So I needed something interesting to put on a business card.  I don’t remember if I came up with “Professional dreamer and destroyer of worlds” before I started making my business cards, but I figured it was perfect to be noticeable.  To explain, I think writers are professional dreamers.  We dream of something and, if we’re lucky, we get paid for it.  As to the destroyer of worlds, well, not to brag but with my bare hands I’ve driven humanity to extinction, twice.  At least twice.  More like four or five times, but some of those stories start with humanity extinct, so should they count?

Anyway, these cards are no longer good.  On the back I had my website and my writing email, which are still good, but I also had a writing blog I haven’t posted to for over a decade as well as my writing Twitter, which I don’t do anymore.  Should I make new ones?  I don’t know if I have any more blank sheets, and I don’t have a printer.  Plus, where I used to live there were dozens of pizza places within half-an-hour.  Where I live now, there’s … one.  Also, do places still do business card drawings?  I don’t go out much, but business cards seem more for businesses so customers can know their website and email, and not for people.  Of course, I could be wrong.  But I still don’t see much point for making new cards, even if all I’d need to do is update the back.

Tuesday, March 5, 2024

Writing so bad … it’s good?

I watch a bunch of YouTube movie reviewers. One topic that many of them discuss at some point are movies so bad they’re good. As they explain, the difference between bad-bad movies and good-bad movies is intention. The word that often comes up when discussing bad-bad movies is “cynical,” while the word for good-bad movies is often “inept.” Bad-bad movies are made by people saying, “X is popular, let’s slap together an X-movie as quickly and cheaply as possible so we can make money off suckers who’ll pay to see it.” Good-bad movies are made by people with a passion for the project, they just have no clue how to make a movie. The reviewers I watch – most of whom make their own films – get nothing from watching the bad-bad movies. They’re usually stupid and they see all the seams on how it was put together as quickly and as cheaply as possible. But the good-bad movies – which may be just as stupid – they are intrigued by the nuts and bolts. They often talk about staring at the screen repeatedly asking “Why?” Why did the filmmaker decide to film the romantic scene on the side of the road with trucks rumbling past? Why did they cut to Joe during the climactic battle for no apparent reason? And other such questions that even the filmmaker probably can’t answer. And as someone who has barely scratched the surface of bad movies, I can see the appeal. Of course, it may just be that the reviewers I watch look like they’re having a good time.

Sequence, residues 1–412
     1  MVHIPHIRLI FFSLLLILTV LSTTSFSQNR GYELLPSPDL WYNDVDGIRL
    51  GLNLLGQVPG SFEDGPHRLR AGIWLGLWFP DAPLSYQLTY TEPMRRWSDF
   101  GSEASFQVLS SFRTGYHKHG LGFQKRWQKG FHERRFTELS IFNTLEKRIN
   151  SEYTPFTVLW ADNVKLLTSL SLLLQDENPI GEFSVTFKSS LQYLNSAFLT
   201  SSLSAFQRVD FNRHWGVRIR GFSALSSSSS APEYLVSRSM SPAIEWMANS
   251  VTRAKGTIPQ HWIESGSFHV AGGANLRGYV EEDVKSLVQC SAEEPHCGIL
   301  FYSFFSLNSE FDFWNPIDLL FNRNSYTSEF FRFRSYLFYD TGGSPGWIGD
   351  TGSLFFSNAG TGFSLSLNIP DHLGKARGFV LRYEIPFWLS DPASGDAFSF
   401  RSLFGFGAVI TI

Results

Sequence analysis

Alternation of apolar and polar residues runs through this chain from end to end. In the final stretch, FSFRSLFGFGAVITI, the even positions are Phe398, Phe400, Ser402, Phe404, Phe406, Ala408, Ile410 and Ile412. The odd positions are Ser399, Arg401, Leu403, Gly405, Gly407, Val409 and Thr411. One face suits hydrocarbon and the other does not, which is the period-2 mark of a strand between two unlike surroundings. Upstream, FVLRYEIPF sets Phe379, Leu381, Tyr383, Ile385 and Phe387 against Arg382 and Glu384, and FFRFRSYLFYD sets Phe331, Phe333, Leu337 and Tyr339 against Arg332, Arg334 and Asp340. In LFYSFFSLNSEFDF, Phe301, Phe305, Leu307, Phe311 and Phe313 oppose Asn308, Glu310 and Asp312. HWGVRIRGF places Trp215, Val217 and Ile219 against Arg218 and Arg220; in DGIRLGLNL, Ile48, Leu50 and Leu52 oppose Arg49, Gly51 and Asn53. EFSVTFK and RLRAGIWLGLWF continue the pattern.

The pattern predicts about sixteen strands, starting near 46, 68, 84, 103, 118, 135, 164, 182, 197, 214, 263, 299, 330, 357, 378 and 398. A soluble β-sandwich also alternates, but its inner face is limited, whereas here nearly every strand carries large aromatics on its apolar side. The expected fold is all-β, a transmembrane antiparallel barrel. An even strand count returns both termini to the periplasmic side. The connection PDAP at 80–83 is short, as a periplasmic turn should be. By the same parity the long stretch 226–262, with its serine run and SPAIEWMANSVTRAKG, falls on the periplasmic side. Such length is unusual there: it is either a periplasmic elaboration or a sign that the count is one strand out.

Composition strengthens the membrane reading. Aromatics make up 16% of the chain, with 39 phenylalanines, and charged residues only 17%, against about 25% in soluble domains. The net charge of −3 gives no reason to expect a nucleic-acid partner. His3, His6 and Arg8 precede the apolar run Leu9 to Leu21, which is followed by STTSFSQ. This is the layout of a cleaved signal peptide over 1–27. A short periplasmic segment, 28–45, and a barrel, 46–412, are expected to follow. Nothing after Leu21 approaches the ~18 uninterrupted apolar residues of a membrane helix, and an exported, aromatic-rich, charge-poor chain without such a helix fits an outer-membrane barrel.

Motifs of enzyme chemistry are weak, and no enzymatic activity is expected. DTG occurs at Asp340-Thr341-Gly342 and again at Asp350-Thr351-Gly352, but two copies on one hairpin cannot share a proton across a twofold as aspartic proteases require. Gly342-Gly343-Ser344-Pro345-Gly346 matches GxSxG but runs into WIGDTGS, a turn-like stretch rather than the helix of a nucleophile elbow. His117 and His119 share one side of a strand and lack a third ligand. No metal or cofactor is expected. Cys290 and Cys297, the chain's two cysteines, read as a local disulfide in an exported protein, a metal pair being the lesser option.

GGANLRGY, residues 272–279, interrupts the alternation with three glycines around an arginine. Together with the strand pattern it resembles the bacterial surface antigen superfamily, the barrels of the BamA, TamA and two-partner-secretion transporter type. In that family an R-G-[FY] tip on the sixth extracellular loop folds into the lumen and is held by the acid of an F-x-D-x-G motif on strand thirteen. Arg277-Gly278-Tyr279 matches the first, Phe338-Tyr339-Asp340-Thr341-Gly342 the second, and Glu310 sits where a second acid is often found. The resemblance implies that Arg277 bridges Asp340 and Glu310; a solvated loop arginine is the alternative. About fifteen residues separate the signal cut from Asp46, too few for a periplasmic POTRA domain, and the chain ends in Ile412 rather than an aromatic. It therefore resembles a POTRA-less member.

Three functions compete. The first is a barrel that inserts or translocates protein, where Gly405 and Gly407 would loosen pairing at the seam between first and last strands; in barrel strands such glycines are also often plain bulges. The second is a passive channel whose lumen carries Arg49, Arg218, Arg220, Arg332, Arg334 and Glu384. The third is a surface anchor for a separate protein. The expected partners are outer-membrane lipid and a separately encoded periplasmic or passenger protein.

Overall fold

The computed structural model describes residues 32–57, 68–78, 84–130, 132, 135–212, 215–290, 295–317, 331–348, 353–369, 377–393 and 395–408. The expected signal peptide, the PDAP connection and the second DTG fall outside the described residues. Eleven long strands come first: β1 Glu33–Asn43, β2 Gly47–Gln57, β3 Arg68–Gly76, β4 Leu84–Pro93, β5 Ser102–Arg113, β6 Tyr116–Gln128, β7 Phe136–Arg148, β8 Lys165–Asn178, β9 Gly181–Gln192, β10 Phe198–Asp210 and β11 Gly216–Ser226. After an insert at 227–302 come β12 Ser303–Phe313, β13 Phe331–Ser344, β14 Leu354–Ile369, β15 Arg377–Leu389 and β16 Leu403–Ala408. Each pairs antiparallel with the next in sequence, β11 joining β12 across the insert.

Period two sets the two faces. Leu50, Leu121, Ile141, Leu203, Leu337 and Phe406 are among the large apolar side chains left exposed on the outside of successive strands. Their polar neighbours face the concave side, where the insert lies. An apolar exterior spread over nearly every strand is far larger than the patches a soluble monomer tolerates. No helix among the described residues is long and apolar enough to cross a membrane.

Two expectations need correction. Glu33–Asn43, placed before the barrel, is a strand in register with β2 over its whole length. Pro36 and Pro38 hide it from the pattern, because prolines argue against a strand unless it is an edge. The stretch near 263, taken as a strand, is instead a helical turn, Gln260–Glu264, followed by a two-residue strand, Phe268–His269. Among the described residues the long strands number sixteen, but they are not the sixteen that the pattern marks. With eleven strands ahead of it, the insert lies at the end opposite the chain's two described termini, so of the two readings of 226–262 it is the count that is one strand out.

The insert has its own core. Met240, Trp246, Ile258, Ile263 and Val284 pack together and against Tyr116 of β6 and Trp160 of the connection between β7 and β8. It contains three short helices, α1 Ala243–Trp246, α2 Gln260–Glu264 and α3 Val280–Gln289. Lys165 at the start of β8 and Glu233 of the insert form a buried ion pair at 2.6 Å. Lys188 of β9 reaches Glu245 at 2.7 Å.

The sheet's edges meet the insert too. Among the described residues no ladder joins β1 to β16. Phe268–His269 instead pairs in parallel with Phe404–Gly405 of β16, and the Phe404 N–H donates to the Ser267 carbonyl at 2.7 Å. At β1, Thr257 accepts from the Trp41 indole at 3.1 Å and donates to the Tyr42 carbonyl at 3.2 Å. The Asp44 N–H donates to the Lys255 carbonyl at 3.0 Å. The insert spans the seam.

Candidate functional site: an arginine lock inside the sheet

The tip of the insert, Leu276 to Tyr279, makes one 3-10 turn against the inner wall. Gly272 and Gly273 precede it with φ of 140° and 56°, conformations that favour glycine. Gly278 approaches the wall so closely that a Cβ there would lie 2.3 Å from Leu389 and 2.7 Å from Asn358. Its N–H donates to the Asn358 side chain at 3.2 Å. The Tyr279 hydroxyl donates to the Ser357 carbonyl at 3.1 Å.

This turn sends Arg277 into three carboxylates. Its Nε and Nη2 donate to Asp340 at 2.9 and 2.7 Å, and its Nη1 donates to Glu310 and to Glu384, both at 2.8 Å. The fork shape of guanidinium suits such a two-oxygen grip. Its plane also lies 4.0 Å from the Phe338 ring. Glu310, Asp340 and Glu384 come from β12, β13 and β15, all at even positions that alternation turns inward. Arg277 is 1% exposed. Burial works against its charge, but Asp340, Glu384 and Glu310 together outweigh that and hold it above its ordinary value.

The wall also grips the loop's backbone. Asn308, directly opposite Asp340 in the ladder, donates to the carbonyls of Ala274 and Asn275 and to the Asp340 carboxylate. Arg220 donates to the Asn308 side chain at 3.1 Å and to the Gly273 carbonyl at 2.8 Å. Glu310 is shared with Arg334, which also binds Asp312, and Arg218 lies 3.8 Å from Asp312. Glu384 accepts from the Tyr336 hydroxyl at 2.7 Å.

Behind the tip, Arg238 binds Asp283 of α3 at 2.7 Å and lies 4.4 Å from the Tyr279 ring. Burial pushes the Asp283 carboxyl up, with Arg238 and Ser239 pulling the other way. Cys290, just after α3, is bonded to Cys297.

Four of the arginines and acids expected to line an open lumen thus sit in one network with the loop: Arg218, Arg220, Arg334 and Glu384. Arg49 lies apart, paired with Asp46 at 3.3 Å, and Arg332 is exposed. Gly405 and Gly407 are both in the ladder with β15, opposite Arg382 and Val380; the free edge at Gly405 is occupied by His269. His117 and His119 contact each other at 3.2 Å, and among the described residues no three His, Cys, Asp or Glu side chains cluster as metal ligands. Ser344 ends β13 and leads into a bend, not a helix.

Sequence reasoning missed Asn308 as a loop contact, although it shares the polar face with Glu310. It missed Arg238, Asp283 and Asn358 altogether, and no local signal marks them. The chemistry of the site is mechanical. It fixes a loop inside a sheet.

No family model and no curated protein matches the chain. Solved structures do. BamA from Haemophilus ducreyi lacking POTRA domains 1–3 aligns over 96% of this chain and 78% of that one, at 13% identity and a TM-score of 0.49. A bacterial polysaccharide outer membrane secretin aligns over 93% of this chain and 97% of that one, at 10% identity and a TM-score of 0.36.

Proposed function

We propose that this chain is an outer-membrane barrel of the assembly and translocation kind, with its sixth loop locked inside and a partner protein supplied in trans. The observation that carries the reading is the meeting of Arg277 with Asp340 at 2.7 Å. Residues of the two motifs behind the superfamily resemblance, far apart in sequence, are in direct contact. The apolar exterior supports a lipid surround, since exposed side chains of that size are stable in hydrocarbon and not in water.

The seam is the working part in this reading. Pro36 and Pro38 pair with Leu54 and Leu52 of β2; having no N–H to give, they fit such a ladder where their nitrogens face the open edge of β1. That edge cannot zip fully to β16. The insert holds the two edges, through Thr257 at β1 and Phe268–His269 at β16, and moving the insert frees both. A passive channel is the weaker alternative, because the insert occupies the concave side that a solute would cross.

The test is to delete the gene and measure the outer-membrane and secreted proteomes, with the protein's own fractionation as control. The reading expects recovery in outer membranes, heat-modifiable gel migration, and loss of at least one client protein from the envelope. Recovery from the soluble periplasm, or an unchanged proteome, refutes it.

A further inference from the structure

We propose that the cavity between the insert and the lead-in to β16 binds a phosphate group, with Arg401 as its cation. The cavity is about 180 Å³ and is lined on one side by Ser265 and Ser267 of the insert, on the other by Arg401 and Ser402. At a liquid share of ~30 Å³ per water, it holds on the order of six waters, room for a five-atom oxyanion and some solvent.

Now the point of this post, is that as a writer I was wondering if there are stories so bad that they’re good. And I … don’t know. I’ve read my fair share of bad stories, some inept and some cynical, but to me they’re usually just painful. For example, there was a story I read years ago that was serialized in a big-name magazine. In the first few sections, there were hints that this character had a secret plan to save the world. But once the plan was revealed, not only would it not work, it would make things worse. I admit, it took me a few seconds to work that out, but only because I didn’t think anyone could write something so stupid. I don’t want to shame the writer, or the magazine, but trust me, it was fifty pages on a secret plan to save the world only to get to “burn all the forests.” I don’t remember my exact response, but it was probably close to “Are you fucking serious?”

Having spent way too long thinking about this (this is the fourth or fifth draft) I think the difference between bad movies and bad stories is that there are limitations in filmmaking. The script says this scene takes place in a lawyer’s office, but we only have the budget to shoot in grandpa’s study. Law degrees and bowling trophies, same difference. And I can see how figuring out how the filmmakers worked through the problems they faced can be entertaining. But in theory, there are no limitations when writing. So when you write this prestigious law office filled with bowling trophies, it just seems wrong. I’m not saying there’s a definitive right and wrong way to write a story, but sometimes it’s just wrong. And that’s not entertaining, that’s confusing.

Anyway, am I wrong and there are good-bad stories? Maybe we can start a list.